By Lee Rannals
New data shows just how gruesome the battle of forest elephants and poachers has been in Central Africa.
The shocking statistics show that between 2002 and 2013, 65 percent of forest elephants in Central Africa were killed for their ivory. The data reveals that 9 percent of these elephants are being slaughtered each year.
In 2013, a report published in PLOS ONE showed a decline of 62 percent in a 9-year span, which is less than 10 percent of its potential size. This report also found that the elephants occupy just a quarter of the forests they once roamed.
The latest intel released at the United for Wildlife symposium in London on Wednesday was created by adding new data from the 2012 and 2013 reports.
“These new numbers showing the continuing decline of the African forest elephant are the exact reason why there is a sense of urgency at the United for Wildlife trafficking symposium in London this week,” Dr. John Robinson, Wildlife Conservation Society’s (WCS) Chief Conservation Officer and Executive Vice President of Conservation and Science, said in a statement.
Conservationists gathered at the United for Wildlife symposium this week to discuss ways they could help to protect wildlife and combat the black market trade.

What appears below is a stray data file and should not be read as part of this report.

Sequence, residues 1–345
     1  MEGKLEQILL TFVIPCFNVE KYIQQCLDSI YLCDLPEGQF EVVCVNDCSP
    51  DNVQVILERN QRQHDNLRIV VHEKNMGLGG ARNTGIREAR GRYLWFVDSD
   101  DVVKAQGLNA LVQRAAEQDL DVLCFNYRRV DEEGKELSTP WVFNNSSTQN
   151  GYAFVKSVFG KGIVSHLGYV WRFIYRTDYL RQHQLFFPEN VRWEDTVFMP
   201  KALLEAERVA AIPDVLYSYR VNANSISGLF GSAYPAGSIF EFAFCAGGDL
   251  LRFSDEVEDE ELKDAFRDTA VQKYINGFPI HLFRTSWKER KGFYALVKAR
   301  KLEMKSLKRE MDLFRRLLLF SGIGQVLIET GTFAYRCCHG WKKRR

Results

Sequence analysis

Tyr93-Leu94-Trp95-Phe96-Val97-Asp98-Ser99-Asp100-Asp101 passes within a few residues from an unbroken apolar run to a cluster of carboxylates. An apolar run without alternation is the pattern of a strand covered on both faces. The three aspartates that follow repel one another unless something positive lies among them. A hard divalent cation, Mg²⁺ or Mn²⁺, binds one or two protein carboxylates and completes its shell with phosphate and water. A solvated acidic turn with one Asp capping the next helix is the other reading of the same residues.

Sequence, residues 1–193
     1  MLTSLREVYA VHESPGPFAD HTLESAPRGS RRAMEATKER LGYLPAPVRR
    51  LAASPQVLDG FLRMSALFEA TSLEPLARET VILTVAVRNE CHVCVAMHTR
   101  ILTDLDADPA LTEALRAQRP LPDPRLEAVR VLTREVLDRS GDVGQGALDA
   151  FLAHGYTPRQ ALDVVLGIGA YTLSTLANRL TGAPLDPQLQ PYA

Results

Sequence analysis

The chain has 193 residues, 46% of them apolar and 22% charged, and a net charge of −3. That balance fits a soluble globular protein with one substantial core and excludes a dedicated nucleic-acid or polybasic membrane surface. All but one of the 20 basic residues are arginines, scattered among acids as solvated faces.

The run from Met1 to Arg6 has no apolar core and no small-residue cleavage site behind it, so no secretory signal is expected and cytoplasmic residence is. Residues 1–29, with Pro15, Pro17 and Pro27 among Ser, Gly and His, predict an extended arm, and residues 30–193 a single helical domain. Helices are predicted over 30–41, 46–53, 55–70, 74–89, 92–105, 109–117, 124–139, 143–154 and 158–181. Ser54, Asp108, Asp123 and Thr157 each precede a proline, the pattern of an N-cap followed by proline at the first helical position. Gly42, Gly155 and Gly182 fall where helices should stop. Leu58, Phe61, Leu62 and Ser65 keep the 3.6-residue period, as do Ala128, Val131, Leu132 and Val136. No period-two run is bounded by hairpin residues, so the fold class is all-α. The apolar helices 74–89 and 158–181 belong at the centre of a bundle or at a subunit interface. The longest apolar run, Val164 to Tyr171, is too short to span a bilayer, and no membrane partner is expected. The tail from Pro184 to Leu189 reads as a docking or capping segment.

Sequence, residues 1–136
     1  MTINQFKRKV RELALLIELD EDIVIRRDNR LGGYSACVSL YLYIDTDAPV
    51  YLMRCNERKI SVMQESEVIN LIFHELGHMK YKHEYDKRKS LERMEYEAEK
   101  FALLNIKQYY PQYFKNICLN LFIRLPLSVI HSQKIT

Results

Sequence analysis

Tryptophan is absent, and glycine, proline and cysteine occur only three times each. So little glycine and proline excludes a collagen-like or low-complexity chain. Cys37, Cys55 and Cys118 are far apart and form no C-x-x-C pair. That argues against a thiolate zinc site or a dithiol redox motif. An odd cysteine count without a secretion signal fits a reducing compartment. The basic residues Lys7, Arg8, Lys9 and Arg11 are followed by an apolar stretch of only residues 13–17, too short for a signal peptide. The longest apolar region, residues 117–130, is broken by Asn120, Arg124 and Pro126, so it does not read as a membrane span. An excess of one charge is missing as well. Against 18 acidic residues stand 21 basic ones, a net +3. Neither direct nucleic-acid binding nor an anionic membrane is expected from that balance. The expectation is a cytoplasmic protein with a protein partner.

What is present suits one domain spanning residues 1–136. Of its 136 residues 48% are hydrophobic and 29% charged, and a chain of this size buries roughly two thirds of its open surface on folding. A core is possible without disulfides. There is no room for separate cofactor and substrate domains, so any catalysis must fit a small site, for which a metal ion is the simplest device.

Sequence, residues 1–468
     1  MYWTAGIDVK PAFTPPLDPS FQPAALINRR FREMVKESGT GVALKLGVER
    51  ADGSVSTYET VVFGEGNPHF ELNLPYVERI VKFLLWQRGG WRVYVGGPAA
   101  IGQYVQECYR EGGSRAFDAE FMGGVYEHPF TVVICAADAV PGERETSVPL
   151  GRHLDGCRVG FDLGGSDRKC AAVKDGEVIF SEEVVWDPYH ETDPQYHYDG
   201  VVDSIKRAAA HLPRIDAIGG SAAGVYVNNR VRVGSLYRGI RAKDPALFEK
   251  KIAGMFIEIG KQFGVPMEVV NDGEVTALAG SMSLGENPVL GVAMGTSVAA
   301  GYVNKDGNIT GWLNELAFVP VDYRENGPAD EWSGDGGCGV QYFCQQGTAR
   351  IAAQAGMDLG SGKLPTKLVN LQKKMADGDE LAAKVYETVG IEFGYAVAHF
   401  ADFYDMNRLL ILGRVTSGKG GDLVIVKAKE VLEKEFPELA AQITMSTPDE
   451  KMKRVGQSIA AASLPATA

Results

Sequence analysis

“The solutions we are discussing in London this week and the commitments we are making cannot fail or the African forest elephant will blink out in our lifetime. United for Wildlife, which is headed by The Duke of Cambridge, is determined to work together to turn back these numbers.”
According to the new report, Gabon, located on the west coast of Central Africa, hosts nearly 60 percent of the remaining forest elephants. If it wasn’t for the drastic drop in numbers, the Democratic Republic of Congo (DRC) would have held the largest number of forest elephants.
“The current number and distribution of elephants is mind-boggling when compared to what it should be,” WCS’s Dr. Samantha Strindberg, one of the co-authors, said in a statement. “About 95 percent of the forests of DRC are almost empty of elephants”.
WCS’s Dr. Fiona Maisels, one of the researchers releasing the new numbers and another co-author of the paper, said at least a couple of hundred thousand forest elephants were killed between 2002 and 2013. This number means that there were about 60 elephants killed per day, or one every 20 minutes day and night.
“By the time you eat breakfast, another elephant has been slaughtered to produce trinkets for the ivory market,” Maisels said in a statement.